Troops' injury claims show 20-fold rise

Iraq and Afghan conflicts have led to more than 28,000 military personnel seeking MoD help for health problems since 2006

The hidden costs of war in Iraq and Afghanistan have been laid bare by official figures revealing soaring numbers of troops appealing for financial support after sustaining injuries in combat.

A breakdown of requests for help from the Ministry of Defence has revealed that more than 28,000 service personnel have made compensation claims in the last six years to help them cope with problems such as amputations and mental illness.

The latest annual toll of claims is 20 times the figure recorded in 2005/06, when the compensation scheme was established. The department has handed out £125m in tax-free lump-sum payments to compensate for the "pain and suffering" endured by servicemen and women wounded in Iraq or Afghanistan.

Military experts last night warned that the costs of the conflicts would not shrivel away when UK forces finally withdraw from their battle against the Taliban – scheduled for the middle of next year – as thousands of badly injured personnel would need specialist healthcare for the rest of their lives.

NHS officials have warned the Government that they will have to deal with "a surge in the number of combat amputees with complex needs leaving the armed forces" in the next decade.

Adrian Weale, of the British Armed Forces Federation, said: "The MoD has made considerable strides in developing services for wounded veterans, but we still think that they can do better. We would like to see a system of lifetime care much closer to that of the US Veterans Administration, for those who have ongoing health problems as the result of service. The reality is that health issues caused by military service tend to get worse with the passage of time, and we suspect that this will be an issue for many years."

The number of claims registered under the Armed Forces Compensation Scheme rose from 365 in 2005/06 to 7,350 in 2010/11, the last full year for which figures are available. However, almost 4,500 personnel entered claims in the first six months of last year alone. More than 3,000 of these came from people whose injuries meant they had to leave the forces.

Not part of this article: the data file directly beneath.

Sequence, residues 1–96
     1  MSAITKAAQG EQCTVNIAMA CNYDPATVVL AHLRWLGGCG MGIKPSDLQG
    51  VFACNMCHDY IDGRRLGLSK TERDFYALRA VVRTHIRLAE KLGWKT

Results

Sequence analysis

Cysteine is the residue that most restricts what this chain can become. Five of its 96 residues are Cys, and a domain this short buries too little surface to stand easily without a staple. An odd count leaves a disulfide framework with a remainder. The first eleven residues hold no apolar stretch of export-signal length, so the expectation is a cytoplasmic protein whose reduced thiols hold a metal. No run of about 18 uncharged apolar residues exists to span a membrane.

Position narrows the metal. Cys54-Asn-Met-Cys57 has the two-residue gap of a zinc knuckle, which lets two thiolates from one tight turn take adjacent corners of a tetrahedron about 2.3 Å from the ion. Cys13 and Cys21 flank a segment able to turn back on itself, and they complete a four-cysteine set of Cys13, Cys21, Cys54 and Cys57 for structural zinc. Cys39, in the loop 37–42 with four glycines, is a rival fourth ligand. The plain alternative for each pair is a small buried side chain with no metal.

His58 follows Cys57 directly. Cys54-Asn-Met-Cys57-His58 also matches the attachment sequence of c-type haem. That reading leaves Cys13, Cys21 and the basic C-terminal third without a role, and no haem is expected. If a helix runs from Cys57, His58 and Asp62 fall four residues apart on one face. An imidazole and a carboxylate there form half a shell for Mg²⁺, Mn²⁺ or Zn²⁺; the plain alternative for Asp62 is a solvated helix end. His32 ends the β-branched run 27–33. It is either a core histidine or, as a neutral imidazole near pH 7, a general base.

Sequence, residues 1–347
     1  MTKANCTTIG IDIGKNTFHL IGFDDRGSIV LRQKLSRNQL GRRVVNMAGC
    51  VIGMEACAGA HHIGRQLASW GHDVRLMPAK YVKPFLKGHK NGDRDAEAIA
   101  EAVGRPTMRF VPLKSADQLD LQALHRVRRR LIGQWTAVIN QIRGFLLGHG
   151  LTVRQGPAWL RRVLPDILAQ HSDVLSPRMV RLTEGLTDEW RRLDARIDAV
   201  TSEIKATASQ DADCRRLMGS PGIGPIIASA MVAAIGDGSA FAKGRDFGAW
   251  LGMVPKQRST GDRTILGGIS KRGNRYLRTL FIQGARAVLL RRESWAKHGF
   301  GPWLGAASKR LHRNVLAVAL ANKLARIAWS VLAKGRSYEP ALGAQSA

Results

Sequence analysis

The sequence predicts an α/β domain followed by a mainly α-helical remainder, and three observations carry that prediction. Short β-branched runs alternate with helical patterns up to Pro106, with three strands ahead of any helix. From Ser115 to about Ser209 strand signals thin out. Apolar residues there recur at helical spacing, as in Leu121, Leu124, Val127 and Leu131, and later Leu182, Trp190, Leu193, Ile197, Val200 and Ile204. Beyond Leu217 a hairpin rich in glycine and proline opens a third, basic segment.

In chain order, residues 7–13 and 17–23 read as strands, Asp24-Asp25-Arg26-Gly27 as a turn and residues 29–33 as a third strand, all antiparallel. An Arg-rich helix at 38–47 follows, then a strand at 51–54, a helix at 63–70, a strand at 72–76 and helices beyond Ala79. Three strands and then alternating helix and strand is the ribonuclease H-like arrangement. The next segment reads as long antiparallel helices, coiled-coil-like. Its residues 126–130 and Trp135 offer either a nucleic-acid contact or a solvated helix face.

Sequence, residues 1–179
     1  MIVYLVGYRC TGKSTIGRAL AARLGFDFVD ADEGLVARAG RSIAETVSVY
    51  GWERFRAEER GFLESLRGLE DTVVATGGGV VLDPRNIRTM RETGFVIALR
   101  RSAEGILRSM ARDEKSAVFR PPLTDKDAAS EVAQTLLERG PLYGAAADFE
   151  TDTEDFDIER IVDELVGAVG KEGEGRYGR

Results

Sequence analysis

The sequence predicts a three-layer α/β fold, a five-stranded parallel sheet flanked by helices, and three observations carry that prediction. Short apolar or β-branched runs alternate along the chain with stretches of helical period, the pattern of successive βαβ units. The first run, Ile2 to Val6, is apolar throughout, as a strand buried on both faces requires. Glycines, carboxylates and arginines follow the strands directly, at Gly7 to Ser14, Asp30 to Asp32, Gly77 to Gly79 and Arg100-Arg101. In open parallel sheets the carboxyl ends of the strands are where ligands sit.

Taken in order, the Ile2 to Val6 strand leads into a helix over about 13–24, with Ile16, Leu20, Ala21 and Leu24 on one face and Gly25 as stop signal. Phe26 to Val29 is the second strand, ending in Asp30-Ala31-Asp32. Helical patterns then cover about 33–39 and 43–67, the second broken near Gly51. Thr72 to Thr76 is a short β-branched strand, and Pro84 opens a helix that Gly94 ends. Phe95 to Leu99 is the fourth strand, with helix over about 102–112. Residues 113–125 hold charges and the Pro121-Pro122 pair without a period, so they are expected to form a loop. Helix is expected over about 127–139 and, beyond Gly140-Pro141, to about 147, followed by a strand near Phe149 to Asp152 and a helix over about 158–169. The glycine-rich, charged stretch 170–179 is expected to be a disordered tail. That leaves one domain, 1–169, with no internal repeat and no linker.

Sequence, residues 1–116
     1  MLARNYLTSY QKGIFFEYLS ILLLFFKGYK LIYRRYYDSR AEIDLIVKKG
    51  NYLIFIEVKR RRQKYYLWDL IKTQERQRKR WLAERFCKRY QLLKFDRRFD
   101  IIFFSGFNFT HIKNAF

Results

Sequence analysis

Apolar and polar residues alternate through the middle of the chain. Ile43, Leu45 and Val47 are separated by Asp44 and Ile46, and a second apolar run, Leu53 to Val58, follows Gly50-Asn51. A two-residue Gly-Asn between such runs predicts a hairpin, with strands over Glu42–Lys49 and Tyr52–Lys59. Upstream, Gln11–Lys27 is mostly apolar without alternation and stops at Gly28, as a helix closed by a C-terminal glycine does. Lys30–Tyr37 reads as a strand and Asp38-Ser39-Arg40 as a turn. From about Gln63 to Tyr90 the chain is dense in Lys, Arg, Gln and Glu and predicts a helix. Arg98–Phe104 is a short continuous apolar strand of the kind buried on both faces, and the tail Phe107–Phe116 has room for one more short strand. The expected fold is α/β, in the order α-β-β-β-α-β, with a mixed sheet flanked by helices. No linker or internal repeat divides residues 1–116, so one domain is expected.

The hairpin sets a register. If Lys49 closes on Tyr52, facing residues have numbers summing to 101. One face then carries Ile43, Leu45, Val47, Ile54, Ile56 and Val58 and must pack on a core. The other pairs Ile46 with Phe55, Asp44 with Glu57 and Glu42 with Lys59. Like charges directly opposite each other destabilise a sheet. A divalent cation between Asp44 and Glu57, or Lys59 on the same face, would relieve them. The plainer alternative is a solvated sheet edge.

Some 1,305 former personnel received full guaranteed income payments (GIPs) – designed to help support the wounded for the rest of their lives – 265 of them for amputations.

In a report for the Government last year, the Conservative MP and former Royal Navy surgeon Andrew Murrison warned that the increased use of improvised explosive devices in Afghanistan meant the UK should prepare for some 20 new military amputees every year for at least a decade. Many more would be leaving the services and passing into the care of the NHS.

The NHS is also braced to care for many more personnel who have not yet appealed for medical help, notably those who may suffer post-traumatic stress disorders as a result of experiences in the combat zone.

Only 10 people have been awarded both a GIP and a lump-sum payment for service-related mental illnesses since 2005, while 505 more have received lower lump sums after their mental-health problems were adjudged less severe. The charity Combat Stress has warned that 50,000 British service personnel could develop mental health problems in the future.

The organisation's director of medical services, Dr Walter Busuttil, said: "Serving personnel will often focus on overcoming a physical injury first, so their mental health problems may not surface until years later."

An MoD spokesman said the department took its responsibility to ensure injured personnel "get the support they need" very seriously. He added: "If personnel sustain an injury caused by service, we encourage them to claim and receive their full entitlements under the scheme."

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